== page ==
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The most used Smart Contract development language for EOS is C++, sometimes referred to as EOS++. The C++ knowledge required for writing smart contracts is very minimal. If you have ever written C, C++, Java, C#, or TypeScript, you should be able to pick up EOS++ easily.

There are also community efforts to support other languages such as Rust, Python, Go, and AssemblyScript. However, these docs will focus on C++ for writing smart contracts. If you are interested in learning about the other community-led initiatives for extending language support, check out the Language Support page.

Project Structure

You have a lot of freedom when it comes to structuring your project. You can use one monolithic .cpp file for your entire project, or you can split it up into multiple files. You can even use a build system like CMake to manage your project.

In most of the guides here we will be using a single .cpp file. This is the simplest way to get started, and it is the most common way to write smart contracts.

Single File

Below is an example of a single file smart contract. You don't need anything else in your project to compile this, and you don't need to include any other files.

#include <eosio/eosio.hpp>

CONTRACT singlefile : public eosio::contract {
using contract::contract;

ACTION test() {
// ...

Multiple Files

If you want to split your project up into multiple files, you can do that as well.

class library {
struct data {
uint64_t id;
std::string value;
#include <eosio/eosio.hpp>
#include "library.hpp"

CONTRACT multiplefiles : public eosio::contract {
using contract::contract;

ACTION test() {
// ...

Header vs Source

In C++ you have two types of files: header files (.hpp/.h) and source files (.cpp).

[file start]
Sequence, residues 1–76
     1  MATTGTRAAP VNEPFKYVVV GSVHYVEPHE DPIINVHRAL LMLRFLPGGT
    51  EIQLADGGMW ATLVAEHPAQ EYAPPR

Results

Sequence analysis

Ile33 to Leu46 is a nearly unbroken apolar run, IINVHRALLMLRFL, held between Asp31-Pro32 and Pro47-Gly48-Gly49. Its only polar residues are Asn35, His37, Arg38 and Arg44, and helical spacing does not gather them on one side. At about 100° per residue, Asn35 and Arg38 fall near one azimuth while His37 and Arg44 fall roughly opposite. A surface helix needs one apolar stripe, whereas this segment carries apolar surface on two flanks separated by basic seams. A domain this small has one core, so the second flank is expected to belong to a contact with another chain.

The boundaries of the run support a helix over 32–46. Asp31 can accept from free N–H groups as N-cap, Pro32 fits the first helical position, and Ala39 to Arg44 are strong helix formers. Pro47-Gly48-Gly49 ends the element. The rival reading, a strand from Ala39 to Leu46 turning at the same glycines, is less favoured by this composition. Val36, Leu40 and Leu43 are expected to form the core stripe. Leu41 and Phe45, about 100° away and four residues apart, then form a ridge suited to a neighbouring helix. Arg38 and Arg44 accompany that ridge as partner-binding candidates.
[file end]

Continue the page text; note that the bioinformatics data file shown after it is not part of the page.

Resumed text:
• Header files are used to declare functions, classes, structs, and other types.
  • Source files are used for the implementation of functions declared in header files.

Include directories

When you compile your project, you will need to tell the compiler where to find your header files.

Generally, you will want to put your header files in a directory called include, and your source files in a directory called src.


When to use a multi-file project

If you are writing a large project, you will probably want to split it up into multiple files.

Keeping your project tidy means splitting it up into logical components. For example, you might have a file for your database, a file for your business logic, and a file for some helper functions.

This also helps larger teams not stumble over each-other when working with version control systems like git.

Contract Structure

Contracts are object-oriented. You define a contract the same way you would define a class.

#include <eosio/eosio.hpp>

CONTRACT mycontract : public eosio::contract {
using contract::contract;

There are a few key components here.

CONTRACT definition

The CONTRACT keyword is how we tell the compiler that we are writing an EOS++ Smart Contract.

It must be followed by the name of the contract, and the base class which this contract inherits from.

CONTRACT mycontract : public eosio::contract {

Good to know

You should typically keep your contract name the same as your .cpp file name. Some build systems will enforce this for you, and the errors they return are not always clear.

Access Modifiers

Access modifiers are used to define the visibility of certain elements of your contract. There are three access modifiers in C++:

  • public: The element is visible to everything.
  • private: The element is only visible to the contract itself.
  • protected: The element is visible to the contract itself, and any contracts that inherit from it.

When you declare a visibility modifier, everything below it will have that visibility.

// Everything below this is public
// Everything below this is private


You are not defining the visibility of your contract to the outside world. You are defining the visibility of your contract to other elements of your contract. Things like actions and tables will ALWAYS be publicly accessible outside your contract.

Using Contract

A required line for EOS++ Smart Contracts to compile is the using contract::contract; line.

Primary Elements

EOS++ Smart Contracts are made up of two primary elements:

  • Actions: The entry points to your contract.
  • Tables: The way you store data in your contract.

We will explain both of these in more detail in the next sections.